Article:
Don't Let Inaccurate Tax Forms Get You Audited!
It's a common belief among taxpayers that if you receive a tax form in the mail, such as an interest -earned statement, you should copy the information contained straight into the tax return you file. However, if you do this, you could end up paying money you didn't owe or get audited if the forms are inaccurate.
Understand the Consequences
Why do you need to check over your forms for accuracy? To avoid these potential consequences:
o Audits. If a number is way off, such as $12,000 paid in student loan interest when you really paid $4,000, the number could trigger an audit. While an audit doesn't always mean that an official IRS representative will show up at your doorstep, why tempt the IRS if it's not needed?
o Tax penalties if the tax form is incorrect. If your tax return shows you owe more than $1,000, you could owe a penalty. The penalty could get worse if you wait to pay the amount owed. How much could this penalty be? For 2009, the penalty rate was 4% of your unpaid taxes owed based on the number of days the balance was outstanding. The actual calculation of the penalty is a bit complex, but rest assured that the IRS will calculate it for you - and send you the bill.
o Less or more tax money owed. You may have been eligible for a huge tax refund. However, you might not know this if you are inputting the wrong information on your tax return. For instance, let's say your taxes showed you had a capital gain of $5,000. You‘d likely have to pay 15% tax on this amount for a total of $750. However, suppose it turned out it was a typo, and you actually lost $5,000. If your marginal tax rate is 25% you would be able to deduct $3,000 from taxable income, and you could see a refund on this amount for $750 – with the remaining $2,000 loss carried forward to the next year. Reporting the same number as positive instead of negative could cost you $2,000!
Isn't the institution, such as a bank or investment company, liable for the misinformation? The institution you work with isn't liable for the inaccurate reporting. Ultimately, only you are liable for what you report to the IRS. You need to request corrected forms as soon as you notice an error. Here's how to avoid these problems.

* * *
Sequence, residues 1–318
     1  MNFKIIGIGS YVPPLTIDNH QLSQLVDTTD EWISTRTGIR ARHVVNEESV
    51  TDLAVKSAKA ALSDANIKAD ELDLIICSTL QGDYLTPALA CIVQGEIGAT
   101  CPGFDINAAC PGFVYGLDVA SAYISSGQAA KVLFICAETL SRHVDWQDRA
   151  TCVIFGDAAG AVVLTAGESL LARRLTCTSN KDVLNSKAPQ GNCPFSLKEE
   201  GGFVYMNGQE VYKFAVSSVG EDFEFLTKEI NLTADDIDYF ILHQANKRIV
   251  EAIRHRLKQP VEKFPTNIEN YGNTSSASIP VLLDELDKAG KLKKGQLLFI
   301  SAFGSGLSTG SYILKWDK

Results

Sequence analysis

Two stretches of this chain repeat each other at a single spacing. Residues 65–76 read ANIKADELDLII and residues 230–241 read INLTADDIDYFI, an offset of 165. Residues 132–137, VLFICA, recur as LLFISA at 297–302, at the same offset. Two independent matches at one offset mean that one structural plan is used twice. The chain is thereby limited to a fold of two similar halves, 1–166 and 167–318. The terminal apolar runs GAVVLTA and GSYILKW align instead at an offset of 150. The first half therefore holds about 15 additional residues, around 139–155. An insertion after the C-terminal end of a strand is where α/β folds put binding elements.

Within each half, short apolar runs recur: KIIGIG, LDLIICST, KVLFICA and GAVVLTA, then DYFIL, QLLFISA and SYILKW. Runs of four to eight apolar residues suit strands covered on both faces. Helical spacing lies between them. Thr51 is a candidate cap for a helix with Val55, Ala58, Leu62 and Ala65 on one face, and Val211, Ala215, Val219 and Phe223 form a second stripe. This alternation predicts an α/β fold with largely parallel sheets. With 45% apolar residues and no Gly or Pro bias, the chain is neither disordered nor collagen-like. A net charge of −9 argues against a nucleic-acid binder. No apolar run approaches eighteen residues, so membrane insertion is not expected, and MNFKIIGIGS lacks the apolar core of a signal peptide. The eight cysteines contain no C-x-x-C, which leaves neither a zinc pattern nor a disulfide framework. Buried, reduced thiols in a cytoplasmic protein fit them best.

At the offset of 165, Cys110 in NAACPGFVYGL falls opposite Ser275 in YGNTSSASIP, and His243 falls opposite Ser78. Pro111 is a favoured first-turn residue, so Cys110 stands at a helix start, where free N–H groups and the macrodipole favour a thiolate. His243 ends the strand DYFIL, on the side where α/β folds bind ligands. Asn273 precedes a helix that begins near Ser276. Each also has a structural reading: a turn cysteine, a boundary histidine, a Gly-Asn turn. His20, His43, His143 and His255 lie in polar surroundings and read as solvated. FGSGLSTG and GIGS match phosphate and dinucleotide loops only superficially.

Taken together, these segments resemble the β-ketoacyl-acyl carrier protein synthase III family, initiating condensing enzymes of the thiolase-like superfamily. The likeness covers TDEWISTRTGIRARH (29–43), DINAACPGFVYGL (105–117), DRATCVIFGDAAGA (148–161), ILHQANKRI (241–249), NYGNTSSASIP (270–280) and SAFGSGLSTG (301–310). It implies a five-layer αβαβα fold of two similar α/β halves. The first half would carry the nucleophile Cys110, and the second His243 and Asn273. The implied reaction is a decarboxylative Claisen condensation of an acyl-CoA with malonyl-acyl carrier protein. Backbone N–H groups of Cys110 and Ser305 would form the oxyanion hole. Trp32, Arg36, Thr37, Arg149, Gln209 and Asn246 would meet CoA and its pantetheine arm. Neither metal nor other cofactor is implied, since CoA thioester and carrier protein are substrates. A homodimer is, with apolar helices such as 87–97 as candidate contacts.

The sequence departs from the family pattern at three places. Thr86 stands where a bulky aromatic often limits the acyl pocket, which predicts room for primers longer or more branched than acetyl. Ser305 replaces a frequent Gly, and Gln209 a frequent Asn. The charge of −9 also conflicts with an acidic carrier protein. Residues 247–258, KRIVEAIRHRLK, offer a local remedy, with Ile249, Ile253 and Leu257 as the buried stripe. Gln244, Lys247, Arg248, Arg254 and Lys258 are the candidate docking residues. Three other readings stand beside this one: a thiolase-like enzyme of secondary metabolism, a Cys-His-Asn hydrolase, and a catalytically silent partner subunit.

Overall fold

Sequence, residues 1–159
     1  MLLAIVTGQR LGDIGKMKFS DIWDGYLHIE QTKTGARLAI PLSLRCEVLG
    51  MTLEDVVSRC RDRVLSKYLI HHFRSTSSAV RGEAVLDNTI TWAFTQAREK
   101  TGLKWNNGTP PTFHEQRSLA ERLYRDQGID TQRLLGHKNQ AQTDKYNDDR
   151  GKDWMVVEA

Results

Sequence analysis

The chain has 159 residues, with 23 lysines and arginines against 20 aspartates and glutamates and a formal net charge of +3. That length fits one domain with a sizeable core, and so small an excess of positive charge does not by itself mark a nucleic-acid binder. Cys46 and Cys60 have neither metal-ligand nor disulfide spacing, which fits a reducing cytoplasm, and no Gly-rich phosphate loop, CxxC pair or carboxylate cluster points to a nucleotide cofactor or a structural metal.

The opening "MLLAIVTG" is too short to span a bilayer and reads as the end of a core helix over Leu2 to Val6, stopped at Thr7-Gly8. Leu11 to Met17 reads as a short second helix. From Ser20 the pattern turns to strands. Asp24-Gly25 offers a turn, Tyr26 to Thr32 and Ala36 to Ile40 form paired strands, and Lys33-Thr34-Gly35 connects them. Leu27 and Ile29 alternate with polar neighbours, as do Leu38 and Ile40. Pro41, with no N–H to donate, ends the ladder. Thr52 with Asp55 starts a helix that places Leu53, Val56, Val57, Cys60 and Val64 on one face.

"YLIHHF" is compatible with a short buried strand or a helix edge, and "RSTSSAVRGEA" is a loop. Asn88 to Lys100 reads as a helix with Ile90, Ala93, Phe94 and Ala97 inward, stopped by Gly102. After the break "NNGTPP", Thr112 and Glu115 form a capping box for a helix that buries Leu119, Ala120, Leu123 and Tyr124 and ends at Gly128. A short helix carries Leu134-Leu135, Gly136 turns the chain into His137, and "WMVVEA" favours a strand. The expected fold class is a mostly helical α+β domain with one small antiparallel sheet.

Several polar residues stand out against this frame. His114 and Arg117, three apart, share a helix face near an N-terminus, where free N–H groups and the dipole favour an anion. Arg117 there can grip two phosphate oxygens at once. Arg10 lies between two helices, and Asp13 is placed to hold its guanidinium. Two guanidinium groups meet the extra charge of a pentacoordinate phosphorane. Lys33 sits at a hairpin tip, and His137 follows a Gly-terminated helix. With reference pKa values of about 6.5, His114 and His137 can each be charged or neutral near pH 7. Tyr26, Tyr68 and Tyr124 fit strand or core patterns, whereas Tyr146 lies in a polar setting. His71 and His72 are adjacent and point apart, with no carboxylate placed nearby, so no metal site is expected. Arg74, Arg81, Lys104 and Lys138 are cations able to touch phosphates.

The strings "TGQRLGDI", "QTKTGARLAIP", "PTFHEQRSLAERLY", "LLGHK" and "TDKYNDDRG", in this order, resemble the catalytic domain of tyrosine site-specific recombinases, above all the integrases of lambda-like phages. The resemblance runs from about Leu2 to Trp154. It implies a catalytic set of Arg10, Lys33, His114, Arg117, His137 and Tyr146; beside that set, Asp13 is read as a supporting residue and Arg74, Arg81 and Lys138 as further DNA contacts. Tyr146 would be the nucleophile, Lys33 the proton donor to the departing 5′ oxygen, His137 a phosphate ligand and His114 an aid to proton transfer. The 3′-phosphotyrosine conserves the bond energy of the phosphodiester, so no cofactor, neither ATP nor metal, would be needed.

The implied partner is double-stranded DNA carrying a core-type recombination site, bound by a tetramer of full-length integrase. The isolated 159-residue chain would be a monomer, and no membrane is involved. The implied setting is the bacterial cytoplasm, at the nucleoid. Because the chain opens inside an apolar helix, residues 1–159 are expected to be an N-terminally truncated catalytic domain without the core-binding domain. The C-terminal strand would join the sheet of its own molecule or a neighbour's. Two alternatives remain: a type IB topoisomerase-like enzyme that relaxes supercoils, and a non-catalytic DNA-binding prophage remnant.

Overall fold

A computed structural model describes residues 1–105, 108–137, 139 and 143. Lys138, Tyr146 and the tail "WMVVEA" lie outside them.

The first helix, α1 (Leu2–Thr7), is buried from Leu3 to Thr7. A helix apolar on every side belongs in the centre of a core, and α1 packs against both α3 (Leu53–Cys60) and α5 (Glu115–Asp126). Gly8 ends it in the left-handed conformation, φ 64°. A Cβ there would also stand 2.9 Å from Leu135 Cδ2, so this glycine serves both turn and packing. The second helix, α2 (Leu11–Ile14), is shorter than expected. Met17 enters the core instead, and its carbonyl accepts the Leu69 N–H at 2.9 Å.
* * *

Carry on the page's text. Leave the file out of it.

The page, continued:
Obey Your Instincts
If you see a number that doesn't make sense, you need to check to see if it's wrong. For instance, if you invested around $10,000 and it shows you invested $30,000, you know the form you received is inaccurate – even if you don't know by exactly how much. Investigate further and don't file until you get an accurate form.
Gather Past Records from the Form Provider
This could be investment account statements, bank statements or income statements. You might have paper copies handy, but you can generally order past statements from your form provider or view them online.
You will need either yearly summaries of your accounts that you suspect have missing information, or the monthly or quarterly statements.
Call For Corrected Forms
If you view your statements and you are still unsure about accuracy, have your form provider go over the information with you. You may find what you thought was a mistake was right all along, or the representative will realize during your conversation that there is an inaccuracy. Then you can request a corrected form.
Call the IRS for Help
If you can't get a corrected form from the institution that generated it, the IRS will help you get the information you need to file your taxes. Call the Live Telephone Assistance Line for Individuals at 800-829-1040 from 7am to 10pm.
Never file your tax return with information based on an incorrect form. You could incur tax penalties, spur an audit or even miss out on a refund. Scan every tax form you receive in the mail to make sure it looks accurate. If you suspect any inaccuracies, go through previous account statements. If you still have suspicions, call the institution which sent you the form and have them go over your account information with you. Have the representative send you a corrected form if inaccuracies are confirmed. If you can't get in touch with your form provider or they won't send you a new, corrected form, call the IRS help line.
Correcting a tax form can be a lot of work, but it's much better to find and fix the mistakes yourself - before the IRS notices the errorr. (For further reading, check out 6 Sources For Free Tax Help, Receiving an Unexpected Form 1099-R, Inaccurate Tax Return, Now What? and Should You File An Early Tax Return?.)